The communities were against various local authorities and leaders who had been employed by the government since they supported unpopular regime. By 1985, the ANC changed its strategy by ensuring that the urban areas were ungovernable. The party requested various races to default paying rent and other charges imposed on them. Consequently, various councils failed to offer services to whites due to lack of finances.
Some were overthrown while others collapsed due to constant conflicts. Youth organizations and militant groups replaced councils that were exorbitant and indifferent to the wishes of the many. Such militant organizations took over responsibilities that were previously reserved for the councils.
In other words, tyranny of the multitude was the order of the day. Those suspected to be working with the apartheid regime received sever punishments. The officials of town councils and other civil servants were forced to migrate to other places because of their behavior. Some were murdered by neck lacing whereby a blazing wood was put around the culprit’s neck.
The head of state, P.W. Botha, announced a military rule in the thirty-six authoritative districts following the protests. Furthermore, the president was advised to proscribe various political organizations because they were directly responsible for the conflicts. Due to this, many leaders were arrested while others were put under house arrest. The Botha administration moved to enact a law that gave enormous powers to the police and the military.
The state security agencies were allowed to implement curfews in various places facing security problems. They could control the movement of people. Moreover, the president ruled by decree implying that he could issue instructions without pursuing the law. During this time, the government recommended that it was illegal to use words that were perceived to be hate speech. This could amount to arrest.
Upon arrest, the government could not disclose the name of the arrested person. This was actually against the rights of the arrested people, which sparked more violence (Houston 14). People were imprisoned without trial, something that sparked political violence all over the country.
In 1986, the president extended the state of emergency to include the whole country due to violence. The government modified the Public Security Act, which gave the government powers to quell violence using all available means. During the same year, the press was highly controlled.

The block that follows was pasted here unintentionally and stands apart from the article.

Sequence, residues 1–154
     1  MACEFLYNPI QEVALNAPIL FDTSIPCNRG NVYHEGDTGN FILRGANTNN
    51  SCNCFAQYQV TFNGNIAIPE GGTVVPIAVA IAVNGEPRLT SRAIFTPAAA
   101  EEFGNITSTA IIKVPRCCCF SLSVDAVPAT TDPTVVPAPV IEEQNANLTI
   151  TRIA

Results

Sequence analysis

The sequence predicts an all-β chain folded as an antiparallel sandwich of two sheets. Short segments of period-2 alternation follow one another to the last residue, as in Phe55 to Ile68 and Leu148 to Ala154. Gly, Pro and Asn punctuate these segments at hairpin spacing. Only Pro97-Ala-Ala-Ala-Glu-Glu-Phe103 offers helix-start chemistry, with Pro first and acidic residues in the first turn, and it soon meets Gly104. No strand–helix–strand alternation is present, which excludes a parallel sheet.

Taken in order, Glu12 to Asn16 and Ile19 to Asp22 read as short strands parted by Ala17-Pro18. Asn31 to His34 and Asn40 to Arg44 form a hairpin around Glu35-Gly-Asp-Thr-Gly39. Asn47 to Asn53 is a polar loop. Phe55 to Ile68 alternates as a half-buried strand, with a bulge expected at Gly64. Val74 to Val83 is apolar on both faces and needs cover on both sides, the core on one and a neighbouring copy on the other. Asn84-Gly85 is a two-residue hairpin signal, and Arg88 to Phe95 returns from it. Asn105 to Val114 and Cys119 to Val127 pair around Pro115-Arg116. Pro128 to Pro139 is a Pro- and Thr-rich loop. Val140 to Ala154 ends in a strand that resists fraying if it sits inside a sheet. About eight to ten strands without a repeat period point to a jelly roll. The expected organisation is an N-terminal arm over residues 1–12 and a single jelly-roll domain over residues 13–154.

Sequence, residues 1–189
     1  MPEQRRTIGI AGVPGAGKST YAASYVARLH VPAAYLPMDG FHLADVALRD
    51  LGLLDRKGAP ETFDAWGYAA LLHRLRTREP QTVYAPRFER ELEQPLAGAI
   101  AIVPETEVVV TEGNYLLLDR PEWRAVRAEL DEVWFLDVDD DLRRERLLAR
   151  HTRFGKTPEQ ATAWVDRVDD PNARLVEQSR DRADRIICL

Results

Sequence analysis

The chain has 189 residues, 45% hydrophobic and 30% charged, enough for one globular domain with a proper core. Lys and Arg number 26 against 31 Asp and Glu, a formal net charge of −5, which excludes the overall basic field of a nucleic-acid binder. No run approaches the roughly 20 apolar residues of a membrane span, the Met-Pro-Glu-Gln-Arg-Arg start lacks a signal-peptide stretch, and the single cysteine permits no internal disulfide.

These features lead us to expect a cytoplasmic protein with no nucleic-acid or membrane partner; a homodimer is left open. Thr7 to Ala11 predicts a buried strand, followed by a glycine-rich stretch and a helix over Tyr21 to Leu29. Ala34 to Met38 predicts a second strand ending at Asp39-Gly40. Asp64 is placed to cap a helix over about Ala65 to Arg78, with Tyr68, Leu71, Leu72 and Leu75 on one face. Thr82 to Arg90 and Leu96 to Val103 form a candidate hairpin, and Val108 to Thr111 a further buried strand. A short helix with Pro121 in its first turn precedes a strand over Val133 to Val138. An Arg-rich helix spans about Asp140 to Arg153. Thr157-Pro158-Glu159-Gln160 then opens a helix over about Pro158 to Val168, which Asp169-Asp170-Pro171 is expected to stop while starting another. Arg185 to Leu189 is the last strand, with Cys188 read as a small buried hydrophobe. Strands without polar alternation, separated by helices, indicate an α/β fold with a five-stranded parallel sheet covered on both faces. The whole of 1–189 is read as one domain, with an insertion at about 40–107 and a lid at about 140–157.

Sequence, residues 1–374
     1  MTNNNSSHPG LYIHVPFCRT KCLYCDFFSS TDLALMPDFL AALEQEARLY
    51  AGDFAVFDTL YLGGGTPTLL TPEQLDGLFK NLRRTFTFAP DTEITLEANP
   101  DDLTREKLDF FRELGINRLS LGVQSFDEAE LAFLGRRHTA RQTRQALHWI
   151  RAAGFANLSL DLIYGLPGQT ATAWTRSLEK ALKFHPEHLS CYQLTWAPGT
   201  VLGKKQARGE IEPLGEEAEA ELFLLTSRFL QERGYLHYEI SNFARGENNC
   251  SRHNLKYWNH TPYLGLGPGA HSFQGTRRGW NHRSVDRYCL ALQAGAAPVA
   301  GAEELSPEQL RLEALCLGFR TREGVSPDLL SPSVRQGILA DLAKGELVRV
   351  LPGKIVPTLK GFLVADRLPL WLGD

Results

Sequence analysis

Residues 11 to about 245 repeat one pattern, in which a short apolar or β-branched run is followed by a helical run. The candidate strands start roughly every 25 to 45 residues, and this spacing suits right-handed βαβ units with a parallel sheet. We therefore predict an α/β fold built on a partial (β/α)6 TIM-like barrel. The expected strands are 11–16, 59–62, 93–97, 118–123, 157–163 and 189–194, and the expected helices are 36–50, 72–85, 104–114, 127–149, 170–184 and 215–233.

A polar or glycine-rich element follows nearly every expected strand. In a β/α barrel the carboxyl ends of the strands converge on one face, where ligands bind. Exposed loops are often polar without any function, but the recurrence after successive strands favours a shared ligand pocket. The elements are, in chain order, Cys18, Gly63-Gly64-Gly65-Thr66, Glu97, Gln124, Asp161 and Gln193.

The government could harass protesters but journalists were never allowed to access the areas. The state used national broadcaster to distribute false information as regards to the uprisings. In 1987, the Botha regime extended the state of emergency for an additional two years (Ross 71). In 1988, the United Democratic Front (UDF) was proscribed because of its activities. The government was dissatisfied with the way UDF operated.
Between 1985 and 1989, the political violence persisted mainly because of the economic and political hardships. However, residents themselves were the major problem. Associates of Inkatha and the UDF-ANC groups attempted to outdo each other. The government applied the policy of divide and rule that is, by supporting one side.
Political organizations such as ANC and PAC engaged government troops in war. The government attacked the ANC bases and villages while the ANC could strike the restaurants with bombs. In early 1989, was affected by a disease and was urged to step aside in February the same year.
By the time Botha was leaving office, the economy of South Africa had collapsed and was rated the lowest in the world. The state was shocked when foreign powers imposed various sanctions, including trade embargos. The exit of Botha paved way for discussions, which gave policy makers in government the chance to reconcile with anti-apartheid leaders. The incoming president was liberal since he announced that he could do away with the apartheid policy.
He also announced that he could guarantee political freedom and each person could be allowed to elect a leader of his or her choice. Consequently, anti-apartheid groups such as ANC, PAC, SACP and the UDF were allowed to operate freely (Rantete 12). The head of state, F.W. de Klerk, pledged to liberate all political inmates and allow political involvement. Some laws such as the land act were also abolished.
From the above analysis, it can be observed that political organizations played a major role in South Africa between 1985 and 1989. Botha was against political organizations because they interfered with the activities of the whites. It is also true that apartheid was established in 1948 but its effects were felt more from 1985 under Botha.
Botha ensured that his regime provided important services to the white race by using brutal tactics to contain the influence of other races. He first proscribed all political organizations and detained some of black leaders. Later on, he ordered the security agencies to unleash terror on demonstrating Africans. After his reign, the new head of state promised to abolish apartheid and introduce political freedoms.
Houston, Gregory. The National Liberation Struggle in South Africa: A case study of UDF, 1983-1987. Aldershot: Ashgate, 1999. Print.
Pottinger, Brian. The imperial presidency: PW Botha the first ten years: Johannesburg, Southern Book Publishers, 1988. Print
Rantete, Johannes. The African National Congress and the negotiated settlement in South Africa. Pretoria: Van Schaik, 1998. Print.
Ross, Robert. A Concise history of South Africa. Cambridge: Cambridge University Press, 1999. Print.
Venter, Albert. Government and politics in the new South Africa. 3th ed. Pretoria: Van Schaik Publishers, 2006. Print.